I realized that every passing day represented a little bit of healing, a little bit more happiness, and a little bit of hope. As the weeks went on, I was learning how to live alone for the first time in my life. I was learning how to better invest in other relationships since I had lost my best friend. I was learning how to do all the little things that she did to make our home great. (I suck at all of those little things, but I’m trying.)
The ultimate conclusion I had to come to here was, I can’t rush this. Moving on is going to take time. I can’t “get better” at moving on. It just needs to happen as it happens. I just wasn’t ready to date anyone, or re-arrange the house, or figure out where my life was going next. I just needed time.
moving on means taking responsibility
As I took the time I needed I realized, I needed to be taking responsibility first and foremost. Somewhere along my months of depression on my living room sofa, I recognized that the reason I was stuck was because I wasn’t taking responsibility. It wasn’t my fault our marriage ended, but it was my responsibility to keep it healthy. Clearly, I didn’t.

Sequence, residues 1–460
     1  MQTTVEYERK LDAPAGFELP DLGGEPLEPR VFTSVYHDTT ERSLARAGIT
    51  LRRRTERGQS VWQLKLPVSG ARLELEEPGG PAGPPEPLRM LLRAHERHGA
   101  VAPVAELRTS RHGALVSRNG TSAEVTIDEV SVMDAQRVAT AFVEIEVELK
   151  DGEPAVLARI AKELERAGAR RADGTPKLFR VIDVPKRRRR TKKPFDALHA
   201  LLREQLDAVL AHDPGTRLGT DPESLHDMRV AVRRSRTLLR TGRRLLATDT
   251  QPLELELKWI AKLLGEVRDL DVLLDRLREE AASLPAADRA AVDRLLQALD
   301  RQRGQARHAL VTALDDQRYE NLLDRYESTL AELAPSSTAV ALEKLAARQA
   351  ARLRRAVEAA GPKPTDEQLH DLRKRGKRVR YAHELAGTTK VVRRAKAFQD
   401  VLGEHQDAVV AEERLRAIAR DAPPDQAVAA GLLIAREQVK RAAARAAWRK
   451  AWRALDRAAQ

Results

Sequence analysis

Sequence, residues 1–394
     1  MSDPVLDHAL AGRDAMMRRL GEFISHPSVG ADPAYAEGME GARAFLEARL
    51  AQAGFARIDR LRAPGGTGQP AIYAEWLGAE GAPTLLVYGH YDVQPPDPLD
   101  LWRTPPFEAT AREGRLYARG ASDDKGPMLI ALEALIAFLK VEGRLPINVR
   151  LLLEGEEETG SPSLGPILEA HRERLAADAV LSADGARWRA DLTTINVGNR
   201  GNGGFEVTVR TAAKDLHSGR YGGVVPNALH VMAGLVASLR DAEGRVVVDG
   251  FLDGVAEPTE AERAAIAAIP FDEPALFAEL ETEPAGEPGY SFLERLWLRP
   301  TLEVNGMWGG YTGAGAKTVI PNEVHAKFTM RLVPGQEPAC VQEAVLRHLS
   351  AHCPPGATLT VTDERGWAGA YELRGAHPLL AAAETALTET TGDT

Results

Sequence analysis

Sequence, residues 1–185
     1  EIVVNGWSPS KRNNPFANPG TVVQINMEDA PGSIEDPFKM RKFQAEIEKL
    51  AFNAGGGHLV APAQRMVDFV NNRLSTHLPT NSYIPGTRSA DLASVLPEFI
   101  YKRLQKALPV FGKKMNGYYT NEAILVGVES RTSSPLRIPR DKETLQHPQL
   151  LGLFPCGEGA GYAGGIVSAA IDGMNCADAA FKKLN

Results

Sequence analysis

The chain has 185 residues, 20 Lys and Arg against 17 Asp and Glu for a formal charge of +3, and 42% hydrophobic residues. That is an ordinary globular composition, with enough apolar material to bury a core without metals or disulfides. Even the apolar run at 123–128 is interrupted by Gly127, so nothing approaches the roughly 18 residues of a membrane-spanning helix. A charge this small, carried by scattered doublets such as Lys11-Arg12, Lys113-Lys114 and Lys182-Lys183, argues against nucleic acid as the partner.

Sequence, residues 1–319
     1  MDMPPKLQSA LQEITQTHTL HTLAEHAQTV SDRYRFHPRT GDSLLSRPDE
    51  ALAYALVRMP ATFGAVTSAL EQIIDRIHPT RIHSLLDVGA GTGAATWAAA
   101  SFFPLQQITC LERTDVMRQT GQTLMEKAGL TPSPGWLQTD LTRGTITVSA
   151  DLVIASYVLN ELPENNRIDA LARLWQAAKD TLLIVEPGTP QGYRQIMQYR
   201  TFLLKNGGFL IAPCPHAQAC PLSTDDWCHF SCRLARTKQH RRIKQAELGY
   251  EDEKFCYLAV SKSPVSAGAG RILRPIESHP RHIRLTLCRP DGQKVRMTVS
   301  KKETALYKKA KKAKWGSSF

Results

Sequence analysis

I was obsessed with the vision for my work, and I put that “body of work” in front of her needs far too many times. (The ultimate irony is that I’m now free to chase after my passions in a very dedicated way; we’ll call that a silver lining I guess.) I often made our life about my journey, instead of it being about our journey together. I didn’t give her enough time and attention, and altogether I was probably not a fantastic husband in the midst of our busy life.
Do I resent the fact that I had a vasectomy and gave up having a family for her? Sure, sometimes. Do I wish that I didn’t have $150,000 in student loan debt because I wanted to build a great life for her? Yeah, usually. Do I get angry over the fact that she invited someone into my house to end our marriage? Of course. Do I wish that I never married her at all? It depends on the day. I’m going to go with “yes” though.
The point is, the details are irrelevant. The details mean something to me in a material fashion, but moving on means taking responsibility. Moving on means giving up the details, and accepting that I contributed to this outcome. I made a mess, and she was a part of it. So while it’s not my fault, it is still my responsibility.
tell the truth about yourself, to yourself
In order to move on from tragedy in your life, you need to be able, to tell the truth about who you are to yourself in the mirror.
I was selfish.
I was a perfectionist.
I was obsessed with order and fine details.
I was brash.
I was ill tempered at times.
I was all sorts of things that I know led to the ultimate demise of my marriage.
The lesson here is this: Tragedy can be avoided if you take responsibility today, but if it’s too late, taking responsibility can help you move on twice as fast.Published in